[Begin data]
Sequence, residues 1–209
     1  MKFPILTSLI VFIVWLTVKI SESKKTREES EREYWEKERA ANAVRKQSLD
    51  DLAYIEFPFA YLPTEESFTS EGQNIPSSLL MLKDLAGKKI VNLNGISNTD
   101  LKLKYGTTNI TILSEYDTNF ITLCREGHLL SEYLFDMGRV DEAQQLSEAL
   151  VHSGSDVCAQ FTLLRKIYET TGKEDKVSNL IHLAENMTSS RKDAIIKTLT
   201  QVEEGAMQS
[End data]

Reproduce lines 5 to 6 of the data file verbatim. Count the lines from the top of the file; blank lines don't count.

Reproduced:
   151  VHSGSDVCAQ FTLLRKIYET TGKEDKVSNL IHLAENMTSS RKDAIIKTLT
   201  QVEEGAMQS